If we talk about the Chechen campaigns, then there are quite a few soldiers and officers who will remember the Russian military medics with a kind word. This includes Captain Alexander Krasko, who was “killed” 3 times in the Caucasus. Two times it was a sniper in the first Chechen campaign. For the third time, already a colonel, he was blown up by militants on the road to Urus-Martan. He still can not forget his very first wound. Then the sniper's bullet entered his neck and threw it over the curb. This border and saved his life, the sniper could not finish him off. Later, a medic was pulling him across the street from their battalion. During the rescue of the wounded, he himself was seriously wounded, but was able to drag Krasko to MTLB. In only a few minutes 15 the officer had already operated on Khankala.
After that, Alexander Krasno had been treated in military hospitals for quite a long time. He returned to service only a year later, and in August 1996, in Grozny, he again received a bullet. This time, under heavy fire, the officer was evacuated by helicopter. The medical pinwheel received 37 various holes. But the military pilots and the accompanying wounded military doctors were able to deliver the 5's seriously wounded servicemen to the military hospital on time. Since then, officer Alexander Krasko celebrates his birthday 4 once a year. And always raises a glass and says a toast to the doctors in uniform. And there are dozens, if not hundreds, of such stories, as with Colonel Alexander Krasko, in Russian military medicine.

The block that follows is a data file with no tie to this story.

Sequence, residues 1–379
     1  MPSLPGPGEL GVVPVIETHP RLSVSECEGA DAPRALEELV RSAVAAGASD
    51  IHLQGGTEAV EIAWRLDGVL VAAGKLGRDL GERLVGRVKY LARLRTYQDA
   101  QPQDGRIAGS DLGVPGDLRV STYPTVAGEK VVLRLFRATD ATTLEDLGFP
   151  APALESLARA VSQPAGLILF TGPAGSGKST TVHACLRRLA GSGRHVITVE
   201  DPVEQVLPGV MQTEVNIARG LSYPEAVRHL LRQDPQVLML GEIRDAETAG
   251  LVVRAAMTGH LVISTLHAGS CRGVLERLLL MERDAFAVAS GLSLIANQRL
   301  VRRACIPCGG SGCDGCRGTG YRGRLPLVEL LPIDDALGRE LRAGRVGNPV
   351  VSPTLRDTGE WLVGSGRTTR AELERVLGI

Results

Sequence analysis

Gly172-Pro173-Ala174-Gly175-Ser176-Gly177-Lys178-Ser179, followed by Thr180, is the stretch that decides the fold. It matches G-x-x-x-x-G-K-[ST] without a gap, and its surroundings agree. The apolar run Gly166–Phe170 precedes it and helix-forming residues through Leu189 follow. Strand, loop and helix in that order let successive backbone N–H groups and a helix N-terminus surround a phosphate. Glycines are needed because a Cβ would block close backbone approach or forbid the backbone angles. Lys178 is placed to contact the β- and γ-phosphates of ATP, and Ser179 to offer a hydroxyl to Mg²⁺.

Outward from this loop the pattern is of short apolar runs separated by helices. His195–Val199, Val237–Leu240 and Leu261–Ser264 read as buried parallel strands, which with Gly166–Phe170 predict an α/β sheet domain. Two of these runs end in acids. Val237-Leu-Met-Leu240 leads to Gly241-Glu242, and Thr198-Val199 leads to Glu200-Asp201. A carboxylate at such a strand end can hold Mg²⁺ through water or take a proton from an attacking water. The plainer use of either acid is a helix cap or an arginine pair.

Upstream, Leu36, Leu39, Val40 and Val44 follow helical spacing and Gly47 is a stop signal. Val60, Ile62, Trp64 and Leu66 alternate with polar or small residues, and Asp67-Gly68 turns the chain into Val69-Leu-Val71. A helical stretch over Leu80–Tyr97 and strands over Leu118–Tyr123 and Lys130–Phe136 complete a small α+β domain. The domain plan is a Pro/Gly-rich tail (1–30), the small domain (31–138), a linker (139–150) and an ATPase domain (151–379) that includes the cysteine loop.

It hurt many to look at what was happening with the Russian military medicine in recent years. Recently, the new Minister of Defense of Russia, Sergei Shoigu, noted that military hospitals are no longer going to close, according to him, the Russian Defense Ministry has its own “road map” on this issue. “We do not plan to close anything else,” said the general, who visited the State Flight Test Center. Chkalov, located in Akhtubinsk. In this case, Shoigu later clarified that part of the military hospitals will be transferred to the jurisdiction of the Federal Medical and Biological Agency (FMBA). In particular, we are talking about those military camps and garrisons in which there are few military personnel and it makes no sense to maintain a large number of medical workers there.
“Still, in many places we have clinics that seem to be good, and the equipment is excellent, but with specialists it’s worse. Therefore, we will prepare new medical personnel at the Military Medical Academy in St. Petersburg and send them, among other things, to Akhtubinsk, ”said Sergey Shoigu. Recall that to pass the military hospital FMBA head of the Ministry of Defense decided at the end of 2012 year. Then it was reported that all the transferred medical institutions will receive the status of “civilian”, and not only military personnel and their families, but also local residents will be able to go there for medical assistance.
The massive disbandment of military hospitals began on the initiative of former Defense Minister Anatoly Serdyukov as early as 2008 in the framework of the reform of the Russian system of military medicine. Already by 2009, the 22 hospital and several dozen clinics were disbanded in the country, and the number of military doctors decreased from 15 000 to 5 800 people.